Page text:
In Nairobi, Kenya, one of the most developed countries in Sub-Saharan Africa, where I am writing from, there are a lot of hospitals, health centers, and medical facilities specializing in one treatment or another. But when one moves a few kilometers away from the capital, the reality is that people in rural areas do not have the luxury and benefit of such facilities. Besides, social security is not for everyone. 

A great majority of people living in poor countries do not have access to health services. Health care is very much a burden for many families, especially the poorest. Thousands of mothers die every day because of lack of maternal care. Thousands of children also suffer from minor ailments simply because there is no nearby dispensary, which can otherwise provide five basic medicines that can save lives.



Education is another basic right that is being curtailed in many places. While the U.N. envisioned free education, at least in the elementary and fundamental stages, the reality is that thousands of people, especially from rural and slum areas, either cannot pay school fees or do not have a school facility near their home. In this way, poor countries waste the greatest resource they have: young people who, because they lack education and qualification, do not participate meaningfully towards the development of their societies.



There are other human rights violations that can be considered. However, the greatest social injustices are not simply the result of rights that are not being observed. Some of the greatest injustices people suffer from are due to systemic social evils like corruption or the action of mafia style gangs.

Once, I interviewed the then President of Tanzania, Julius Nyerere. I asked him about corruption in Africa. He had a hearty laugh and said: “Wherever there are people, there is corruption.” At the time, I thought it was a nice way out of a possibly self-incriminating question. After all, everyone was then condemning African leaders as plutocrats, corrupt and inept. With time, I came to appreciate those words. It is true. It is in human nature to try and benefit from goods which do not belong to us. It is quite natural to link action to benefit, even undeserved benefit. Everyone likes privilege. Very few people have the moral authority to always act honestly, without looking for personal gain at every occasion. In some cultures, corruption is concealed by puritanism and shrewdly crafted laws, but corruption is there nonetheless.

Corruption is a great evil because, by definition, it goes around the rules for the benefit of only a few. The community always suffers because of corruption. When corruption happens in a grand scale, as it does in the case of public tenders, important government decisions, price control, eventually, the poorest and the weakest suffer. Many development programs have been halted or greatly downsized because of graft. Hospitals and procurement of medical supplies suffer because of corruption, leading to illness and even death of those who cannot be properly cured. The list of examples is endless. 

Corruption is one of the greatest evils of our time. There is virtually no major national or international contract without corruption. This means that vital resources that could be used to uplift the poor, promote better health, or pursue education, are swerved away from the public good for the benefit of just a few.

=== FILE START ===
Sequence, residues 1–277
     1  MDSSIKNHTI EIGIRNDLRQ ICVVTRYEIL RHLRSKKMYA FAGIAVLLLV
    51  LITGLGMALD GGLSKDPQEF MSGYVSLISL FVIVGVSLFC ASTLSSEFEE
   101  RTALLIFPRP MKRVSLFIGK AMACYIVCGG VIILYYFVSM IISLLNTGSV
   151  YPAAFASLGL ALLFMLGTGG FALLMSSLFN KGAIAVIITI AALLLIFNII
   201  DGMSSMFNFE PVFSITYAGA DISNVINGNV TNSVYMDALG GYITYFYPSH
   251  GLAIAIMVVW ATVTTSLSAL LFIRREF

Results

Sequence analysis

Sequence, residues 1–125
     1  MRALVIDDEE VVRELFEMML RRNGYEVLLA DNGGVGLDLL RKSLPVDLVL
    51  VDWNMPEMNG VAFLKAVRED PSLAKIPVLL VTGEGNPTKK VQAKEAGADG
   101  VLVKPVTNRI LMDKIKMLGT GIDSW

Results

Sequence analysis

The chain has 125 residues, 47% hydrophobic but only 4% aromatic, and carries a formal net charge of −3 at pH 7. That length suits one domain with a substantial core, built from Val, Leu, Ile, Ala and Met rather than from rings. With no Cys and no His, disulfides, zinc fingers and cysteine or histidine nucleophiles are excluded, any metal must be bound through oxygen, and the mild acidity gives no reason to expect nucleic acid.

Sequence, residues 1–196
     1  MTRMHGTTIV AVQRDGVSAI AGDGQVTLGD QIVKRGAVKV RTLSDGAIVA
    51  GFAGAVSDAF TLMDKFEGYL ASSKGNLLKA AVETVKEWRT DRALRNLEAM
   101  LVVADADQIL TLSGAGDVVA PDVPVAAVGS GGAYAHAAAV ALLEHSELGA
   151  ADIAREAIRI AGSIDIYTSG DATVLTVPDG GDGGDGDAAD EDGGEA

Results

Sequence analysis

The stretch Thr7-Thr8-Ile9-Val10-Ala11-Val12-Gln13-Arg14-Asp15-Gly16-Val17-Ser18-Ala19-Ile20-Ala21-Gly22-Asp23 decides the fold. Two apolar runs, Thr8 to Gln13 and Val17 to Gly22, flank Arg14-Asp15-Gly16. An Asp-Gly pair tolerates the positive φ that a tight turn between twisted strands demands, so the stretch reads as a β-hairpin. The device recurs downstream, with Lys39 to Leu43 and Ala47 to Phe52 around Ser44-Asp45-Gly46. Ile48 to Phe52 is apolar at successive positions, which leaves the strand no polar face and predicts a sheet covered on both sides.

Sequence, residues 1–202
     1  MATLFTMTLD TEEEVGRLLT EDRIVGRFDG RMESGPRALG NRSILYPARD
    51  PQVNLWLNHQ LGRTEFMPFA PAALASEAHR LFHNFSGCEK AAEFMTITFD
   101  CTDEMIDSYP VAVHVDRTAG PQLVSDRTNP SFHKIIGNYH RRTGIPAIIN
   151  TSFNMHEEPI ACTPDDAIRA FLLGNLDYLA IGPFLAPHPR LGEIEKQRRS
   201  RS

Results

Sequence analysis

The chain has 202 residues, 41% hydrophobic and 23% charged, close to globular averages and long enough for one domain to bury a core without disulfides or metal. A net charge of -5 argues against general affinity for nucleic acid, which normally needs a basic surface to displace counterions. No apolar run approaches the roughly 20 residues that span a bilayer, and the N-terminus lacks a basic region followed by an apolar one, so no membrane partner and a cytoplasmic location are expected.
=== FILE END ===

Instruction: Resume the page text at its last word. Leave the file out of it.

Another reality imposing itself is gang criminality. There are many mafias around the world. These are secret societies, or at least groups that try hard to remain in the shadow, and use all possible means to make huge profits. The cartel controlling drugs in Mexico is powerful, and the ongoing war between gangs causes the death of thousands every year. Al Qaeda of the Islamic Maghreb controls the passage through the desert of thousands of Sub-Saharan Africans who want to reach Europe. Each migrant is charged heftily to cross the dangerous Sahara, and is asked to pay even more to board unsafe boats to cross the Mediterranean. No one can make good business in Hong Kong without attracting the attention of Chinese mafia, which charges a levy on most financial operations. 

Aside from the ‘criminal’ mafias, whose operations are known, there are discreet and even ‘legal mafias’ on the prowl. Examples of these are multinational companies that exploit minerals or pharmaceutical industries that make decisions which affect the lives of millions of people. They decide how much will be extracted from a mine or how many medicines can be sold every day. They do not have the common good in mind; what they are interested in is to maximize profit. These “mafias” operate in the soft world of high finance; their members are well-dressed, polite and well-educated people. The social evil they create is no less dangerous and life threatening than that of common criminals.

Clearly, social injustice exists in different levels of society, whether political, economic, institutional, or organizational spheres. Unless governments and human rights activists act, many will continue to live in a culture of abuse and injustice. Sadly, it will take a while before these injustices are eradicated. However, we can help in our own way by stopping the injustices we see around us or helping others understand what the term “social justice” truly means and entails.